April 28, 2021
Suppose you have a black box interpreter that runs some programming language. The interpreter is allowed to have some randomness, but it’s entirely supplied by a
give_me_a_random_number function that you pass into it. How do we exhaustively test and enumerate all possible execution paths?
Recently for uWaterloo’s CS 442 class, I had to write an interpreter for a toy language.
It was a very simple Object Oriented language with basic support for concurrency.
Since it was inspired by pi-calculus, naturally there is some nondeterminism.
For example, consider 3 processes.
If process 1 wants to send value
foo, and process 2 and 3 both want to receive it, who should get it?
The possible concurrent steps in the language were:
spawn: spawns a new process
send/receive: send/receive a message over a channel
footo some process that is waiting to receive via
The way we ran the interpreter was as follows:
(randomizer: int -> int)
nconcurrent steps to choose from. Then
randomizer(n)returns a number
(0, 1, ..., n-1), so we’d do the
ith concurrent step
The interpreter itself wasn’t too hard to write, but I was confused - how will the instructor test this, considering tons of programs would be nondeterministic? There was no restriction on how we ordered processes, so even providing a deterministic “randomizer” like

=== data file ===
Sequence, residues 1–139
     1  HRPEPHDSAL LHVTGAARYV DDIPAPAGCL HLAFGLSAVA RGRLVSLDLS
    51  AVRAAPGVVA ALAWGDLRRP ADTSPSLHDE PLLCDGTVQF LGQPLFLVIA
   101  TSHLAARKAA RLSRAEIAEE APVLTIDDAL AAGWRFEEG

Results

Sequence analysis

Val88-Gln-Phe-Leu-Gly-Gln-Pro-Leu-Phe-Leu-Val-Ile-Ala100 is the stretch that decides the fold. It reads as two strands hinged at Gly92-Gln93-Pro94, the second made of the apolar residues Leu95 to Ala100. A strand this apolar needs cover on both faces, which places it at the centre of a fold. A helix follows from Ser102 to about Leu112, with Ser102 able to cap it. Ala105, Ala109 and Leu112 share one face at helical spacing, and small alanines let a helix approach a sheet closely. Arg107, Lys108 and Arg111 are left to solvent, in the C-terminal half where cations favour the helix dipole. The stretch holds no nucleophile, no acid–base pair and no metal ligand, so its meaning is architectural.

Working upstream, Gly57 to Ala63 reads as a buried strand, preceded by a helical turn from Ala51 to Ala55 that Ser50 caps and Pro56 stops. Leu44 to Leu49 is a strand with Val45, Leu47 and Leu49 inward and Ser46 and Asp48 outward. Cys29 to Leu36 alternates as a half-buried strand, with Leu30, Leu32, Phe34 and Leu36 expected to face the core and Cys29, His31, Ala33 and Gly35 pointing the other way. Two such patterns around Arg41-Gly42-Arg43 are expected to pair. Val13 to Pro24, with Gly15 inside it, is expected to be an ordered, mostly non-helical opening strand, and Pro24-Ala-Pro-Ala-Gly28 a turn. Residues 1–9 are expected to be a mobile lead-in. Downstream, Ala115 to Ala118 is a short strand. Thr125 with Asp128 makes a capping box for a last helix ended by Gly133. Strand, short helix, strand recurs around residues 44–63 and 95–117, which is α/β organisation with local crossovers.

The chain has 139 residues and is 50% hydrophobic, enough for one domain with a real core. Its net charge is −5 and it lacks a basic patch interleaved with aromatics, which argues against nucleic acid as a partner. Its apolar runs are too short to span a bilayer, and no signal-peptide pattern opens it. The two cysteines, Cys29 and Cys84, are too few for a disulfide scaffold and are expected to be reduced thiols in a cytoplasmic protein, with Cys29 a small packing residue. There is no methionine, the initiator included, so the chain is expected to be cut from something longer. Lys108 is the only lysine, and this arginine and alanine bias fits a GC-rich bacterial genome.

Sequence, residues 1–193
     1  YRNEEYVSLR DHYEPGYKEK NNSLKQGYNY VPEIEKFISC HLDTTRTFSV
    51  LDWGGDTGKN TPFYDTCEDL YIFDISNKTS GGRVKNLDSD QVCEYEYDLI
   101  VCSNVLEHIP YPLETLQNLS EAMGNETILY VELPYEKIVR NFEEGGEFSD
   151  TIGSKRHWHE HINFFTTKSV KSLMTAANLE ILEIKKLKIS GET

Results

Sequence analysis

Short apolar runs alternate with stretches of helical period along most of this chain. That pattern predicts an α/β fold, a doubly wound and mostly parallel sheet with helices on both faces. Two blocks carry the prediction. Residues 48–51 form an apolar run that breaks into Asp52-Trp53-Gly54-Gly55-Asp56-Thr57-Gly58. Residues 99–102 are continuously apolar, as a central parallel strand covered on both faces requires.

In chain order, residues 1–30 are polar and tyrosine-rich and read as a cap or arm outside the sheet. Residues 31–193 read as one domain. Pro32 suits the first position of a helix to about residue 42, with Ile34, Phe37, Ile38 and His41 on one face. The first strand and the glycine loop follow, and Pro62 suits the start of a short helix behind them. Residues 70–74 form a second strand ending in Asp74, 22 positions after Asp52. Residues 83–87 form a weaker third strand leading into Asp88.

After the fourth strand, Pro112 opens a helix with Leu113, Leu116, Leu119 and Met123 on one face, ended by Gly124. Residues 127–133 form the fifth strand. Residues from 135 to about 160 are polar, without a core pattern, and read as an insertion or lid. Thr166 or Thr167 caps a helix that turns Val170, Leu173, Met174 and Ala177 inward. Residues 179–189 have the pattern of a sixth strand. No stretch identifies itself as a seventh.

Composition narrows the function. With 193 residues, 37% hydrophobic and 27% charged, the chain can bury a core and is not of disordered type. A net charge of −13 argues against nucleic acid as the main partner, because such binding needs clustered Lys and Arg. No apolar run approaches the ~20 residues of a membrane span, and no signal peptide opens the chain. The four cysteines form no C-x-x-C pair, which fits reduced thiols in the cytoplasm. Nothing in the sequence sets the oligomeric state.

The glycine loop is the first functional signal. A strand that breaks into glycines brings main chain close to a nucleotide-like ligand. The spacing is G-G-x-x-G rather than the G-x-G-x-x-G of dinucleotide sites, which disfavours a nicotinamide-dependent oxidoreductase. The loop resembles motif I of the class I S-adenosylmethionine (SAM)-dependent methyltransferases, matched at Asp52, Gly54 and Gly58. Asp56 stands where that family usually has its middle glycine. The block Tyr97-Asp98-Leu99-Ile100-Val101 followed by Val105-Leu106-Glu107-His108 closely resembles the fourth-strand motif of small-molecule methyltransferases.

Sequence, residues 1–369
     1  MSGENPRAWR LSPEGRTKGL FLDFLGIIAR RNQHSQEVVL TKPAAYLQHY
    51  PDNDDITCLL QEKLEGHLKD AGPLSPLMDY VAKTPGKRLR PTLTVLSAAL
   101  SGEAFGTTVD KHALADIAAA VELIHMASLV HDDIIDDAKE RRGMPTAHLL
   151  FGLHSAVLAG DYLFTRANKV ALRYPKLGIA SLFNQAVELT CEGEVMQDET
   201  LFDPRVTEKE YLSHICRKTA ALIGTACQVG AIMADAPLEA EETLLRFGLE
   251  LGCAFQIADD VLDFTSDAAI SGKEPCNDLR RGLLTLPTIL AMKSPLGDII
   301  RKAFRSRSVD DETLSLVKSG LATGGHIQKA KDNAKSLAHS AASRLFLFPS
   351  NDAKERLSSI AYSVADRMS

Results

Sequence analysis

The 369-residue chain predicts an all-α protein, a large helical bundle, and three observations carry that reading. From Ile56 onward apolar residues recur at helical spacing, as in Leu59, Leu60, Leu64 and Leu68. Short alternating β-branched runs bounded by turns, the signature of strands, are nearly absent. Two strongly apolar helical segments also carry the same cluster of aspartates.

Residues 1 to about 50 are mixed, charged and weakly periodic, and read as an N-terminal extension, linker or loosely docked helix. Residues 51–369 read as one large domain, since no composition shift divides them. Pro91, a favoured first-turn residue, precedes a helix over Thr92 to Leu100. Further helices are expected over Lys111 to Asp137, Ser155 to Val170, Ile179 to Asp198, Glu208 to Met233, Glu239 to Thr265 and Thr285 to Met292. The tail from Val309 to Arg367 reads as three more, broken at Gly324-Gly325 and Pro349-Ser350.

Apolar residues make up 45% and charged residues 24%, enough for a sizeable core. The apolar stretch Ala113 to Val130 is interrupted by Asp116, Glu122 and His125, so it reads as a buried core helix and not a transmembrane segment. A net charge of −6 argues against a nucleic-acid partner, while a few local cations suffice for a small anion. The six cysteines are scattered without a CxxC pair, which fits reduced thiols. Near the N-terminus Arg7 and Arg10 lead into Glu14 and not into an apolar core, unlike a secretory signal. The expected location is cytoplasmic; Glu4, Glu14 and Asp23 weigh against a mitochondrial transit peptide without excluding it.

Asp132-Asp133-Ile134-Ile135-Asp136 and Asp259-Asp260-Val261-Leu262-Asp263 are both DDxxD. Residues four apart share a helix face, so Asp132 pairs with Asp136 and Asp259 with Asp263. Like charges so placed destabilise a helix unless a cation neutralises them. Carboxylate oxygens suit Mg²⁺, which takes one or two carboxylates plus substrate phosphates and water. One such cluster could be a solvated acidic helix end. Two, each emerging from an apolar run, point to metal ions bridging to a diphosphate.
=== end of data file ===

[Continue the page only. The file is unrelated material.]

(fun _ -> 0) wouldn’t guarantee some expected output across all students’ implementations.
My teacher (Professor Richards) noted that for small programs, it’s feasible to enumerate all possible outputs by running the program repeatedly and filling in an execution tree. This inspired me to try my hand at testing the interpreter as a black box.
Consider the following pseudocode:
1 2 3 4 5 6 7 8 9 10 11 12 13 14 15 16 def main(): spawn(Foo) spawn(Bar) spawn(Baz) class Foo: def main(): spawn(Baz) class Bar: def main(): spawn(Baz) class Baz: def main(): print("1")
We start with a singleton list of processes, in particular the
main() function at line 1.
Let’s represent this with
At line 2, we spawn a new process which goes to
Then, we’re stuck between two concurrent steps:
Namely, should I spawn a
Bar in line 3 or should I spawn a
Baz in line
We solve this using a
randomizer(2) call, which helps us decide.
If we choose to run step 3, then we eventually get stuck at
[4, 8, 12].
If we choose to run step 8, then we eventually get stuck at
Now we note a few things:
randomizerfunction, our interpreter is entirely deterministic
randomizercall when executing the Main function will always be
randomizer(2). Similarly, the left child of Main will always have a
randomizer(3)call. This follows because the only source of non-determinism is provided by the
Given this, notice that we can dynamically build up an execution tree to enumerate all possible executions. Every
randomizer(n) call is a “branch point” with
n different children. We simply need to pass in a custom
randomizer function that helps us keep track of state on every call!
First, we define a type for the execution tree.
type t = | Unexplored | Done | Node of t ref list ;;
Since we’ll need to dynamically change nodes, I chose to keep track of children with